Before it was enlarged and improved by Siofaga, the house consisted of two separate houses. The front house was built by various members of the extended I’a family, not just by members of the immediate family of Ma’ave, and was used for some years by the late I’a titleholder who was Ma’ave’s father. It was then used, apparently without objection, by the late chief Laupola. Laupola later gave Siofaga permission to move in, also apparently without objection from other family members. Plaintiffs’ contention that Laupola gave Siofaga permission to reside in the house only temporarily is inconsistent with the weight of the evidence, which shows that Siofaga lived in the house for many years without objection from anyone. (We also note defendant’s position that Laupola, as an ali ‘i, holds pule within the family superior to that of tulafale I’a, and that the family is properly known as the “aiga sa Laupola ma I’aulualo.” We state no opinion on this issue.)
The back part of the house was originally a separate structure built by a brother of Ma’ave named Feti’i. Siofaga began occupying this structure with the permission or at least the acquiescence of Feti’i,who does not now join in the petition to evict him.
The motion for reconsideration or new trial is based partly on a general assertion of the power of the matai and partly on plaintiffs’ claim that “[t]he building plans [for the back building] show the names of two brothers Ma’ave and Feti’i. ” Plaintiffs urge that “[t]he court appears to be under the misconception that the house in the back belonged to Feti’i alone and such misconception appears to be the result of its impression that the building plans reflected only one name.”
The building plans, however, do contain only one name: “Mr. Maave Fetii of Afono. ” In context this appears to be a reference to the person to whom the present parties refer simply as “Feti’i.” It is [14ASR2d29] undisputed that he arranged for the plans to be drawn and took out a loan to finance the construction, and witnesses other than the plaintiffs generally referred to the structure as “Feti’i’s house.” Despite the concession by counsel for defendants that Feti’i was never, as far as counsel is aware, known by the name Ma’ave Feti’i, the judges have discussed the matter and are unanimous in their opinion that (1) “Mr. Ma’ave Feti’i” was a reference to only one person and (2) that person was far more likely to have been Feti’i than plaintiff Ma’ave.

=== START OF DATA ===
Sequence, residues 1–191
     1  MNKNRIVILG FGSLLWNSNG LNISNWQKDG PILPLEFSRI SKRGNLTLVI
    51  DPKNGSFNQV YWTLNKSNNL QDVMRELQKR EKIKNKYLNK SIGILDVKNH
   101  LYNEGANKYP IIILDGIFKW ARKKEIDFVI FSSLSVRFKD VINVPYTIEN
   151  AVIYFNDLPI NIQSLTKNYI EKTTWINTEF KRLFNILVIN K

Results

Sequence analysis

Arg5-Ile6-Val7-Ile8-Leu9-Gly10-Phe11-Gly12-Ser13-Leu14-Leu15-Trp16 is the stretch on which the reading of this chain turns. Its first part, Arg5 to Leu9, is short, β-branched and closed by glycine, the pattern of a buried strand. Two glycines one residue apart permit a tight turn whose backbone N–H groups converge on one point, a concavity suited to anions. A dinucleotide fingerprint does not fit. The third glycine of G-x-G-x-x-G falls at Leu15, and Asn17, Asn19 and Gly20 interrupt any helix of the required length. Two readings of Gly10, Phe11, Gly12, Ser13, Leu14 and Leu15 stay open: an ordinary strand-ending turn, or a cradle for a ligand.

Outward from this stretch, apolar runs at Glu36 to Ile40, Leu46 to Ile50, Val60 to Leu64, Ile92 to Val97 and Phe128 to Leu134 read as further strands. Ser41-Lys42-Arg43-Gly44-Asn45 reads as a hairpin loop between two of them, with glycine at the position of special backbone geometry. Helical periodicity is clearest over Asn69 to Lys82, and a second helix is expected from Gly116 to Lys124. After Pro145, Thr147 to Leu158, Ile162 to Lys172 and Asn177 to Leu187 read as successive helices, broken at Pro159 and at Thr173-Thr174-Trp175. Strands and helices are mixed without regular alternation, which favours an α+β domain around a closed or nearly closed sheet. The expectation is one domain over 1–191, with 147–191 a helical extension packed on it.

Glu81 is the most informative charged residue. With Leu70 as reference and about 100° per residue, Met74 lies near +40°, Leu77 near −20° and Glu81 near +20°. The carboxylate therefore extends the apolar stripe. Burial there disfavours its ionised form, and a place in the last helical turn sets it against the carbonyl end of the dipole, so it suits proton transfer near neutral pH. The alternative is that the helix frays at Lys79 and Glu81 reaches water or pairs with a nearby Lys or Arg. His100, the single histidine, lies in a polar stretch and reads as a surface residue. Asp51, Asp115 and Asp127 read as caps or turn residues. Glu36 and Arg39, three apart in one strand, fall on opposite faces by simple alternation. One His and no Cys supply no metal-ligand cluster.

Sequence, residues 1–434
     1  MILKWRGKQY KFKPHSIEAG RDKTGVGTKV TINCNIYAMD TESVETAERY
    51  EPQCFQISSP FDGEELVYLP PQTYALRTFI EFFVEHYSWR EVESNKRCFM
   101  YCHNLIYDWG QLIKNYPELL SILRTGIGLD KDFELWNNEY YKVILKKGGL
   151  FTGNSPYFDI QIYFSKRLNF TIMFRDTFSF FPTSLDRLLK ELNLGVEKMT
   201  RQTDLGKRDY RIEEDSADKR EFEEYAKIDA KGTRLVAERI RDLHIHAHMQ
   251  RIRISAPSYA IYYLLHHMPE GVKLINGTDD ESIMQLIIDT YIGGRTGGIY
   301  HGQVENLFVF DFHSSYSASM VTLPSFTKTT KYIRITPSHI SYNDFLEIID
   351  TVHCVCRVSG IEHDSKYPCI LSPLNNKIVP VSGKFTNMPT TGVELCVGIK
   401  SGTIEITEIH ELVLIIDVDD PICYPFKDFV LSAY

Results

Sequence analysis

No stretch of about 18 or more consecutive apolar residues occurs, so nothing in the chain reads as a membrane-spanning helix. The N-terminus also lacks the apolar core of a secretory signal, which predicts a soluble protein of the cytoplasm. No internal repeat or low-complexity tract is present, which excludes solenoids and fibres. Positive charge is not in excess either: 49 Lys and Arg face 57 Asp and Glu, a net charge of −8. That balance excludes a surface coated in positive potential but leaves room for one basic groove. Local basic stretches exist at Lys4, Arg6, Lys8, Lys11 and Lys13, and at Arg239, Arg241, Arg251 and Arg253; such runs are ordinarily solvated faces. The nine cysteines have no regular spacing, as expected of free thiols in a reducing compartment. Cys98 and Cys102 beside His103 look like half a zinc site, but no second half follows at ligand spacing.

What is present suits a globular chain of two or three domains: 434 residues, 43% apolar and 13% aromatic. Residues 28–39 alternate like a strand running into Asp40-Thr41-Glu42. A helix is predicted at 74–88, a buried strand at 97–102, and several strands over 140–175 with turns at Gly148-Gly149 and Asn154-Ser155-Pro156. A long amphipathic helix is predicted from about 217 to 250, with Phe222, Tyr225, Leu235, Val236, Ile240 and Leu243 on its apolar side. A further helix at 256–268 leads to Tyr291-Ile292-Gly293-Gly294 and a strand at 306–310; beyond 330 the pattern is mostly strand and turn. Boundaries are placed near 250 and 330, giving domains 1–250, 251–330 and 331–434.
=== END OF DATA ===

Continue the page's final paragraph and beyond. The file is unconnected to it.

In Samoa it is not uncommon for a person to be known by a variety of names, the use of formal surnames being of recent vintage. While it is undisputed that both “Ma’ave” and “Feti’i” are calling names rather than matai or family names, we note the common practice of referring to people by their calling names together with the calling name of a father or other family member: e.g., “Ioane Iosefo” or “Iosefo Samuelu.” If Feti’i had a prominent relative (either the present plaintiff or a forebear) whose calling name was Ma’ave, or if the draftsman thought he did, or if there was for some other reason a group within the I’a family associated with the name Ma’ave, then the draftsman might well have referred to the young man as “Mr. Ma’ave Feti’i.” Any of these hypotheses would make more sense-than plaintiffs’ suggestion that “Mr. Ma’ave Feti’i of Afono” should be construed as a reference to two separate people.
In any case, the preponderance of the evidence aside from the building plans indicates that Feti ‘i built and paid for the house in question.
For the foregoing reasons, the motion for reconsideration is denied.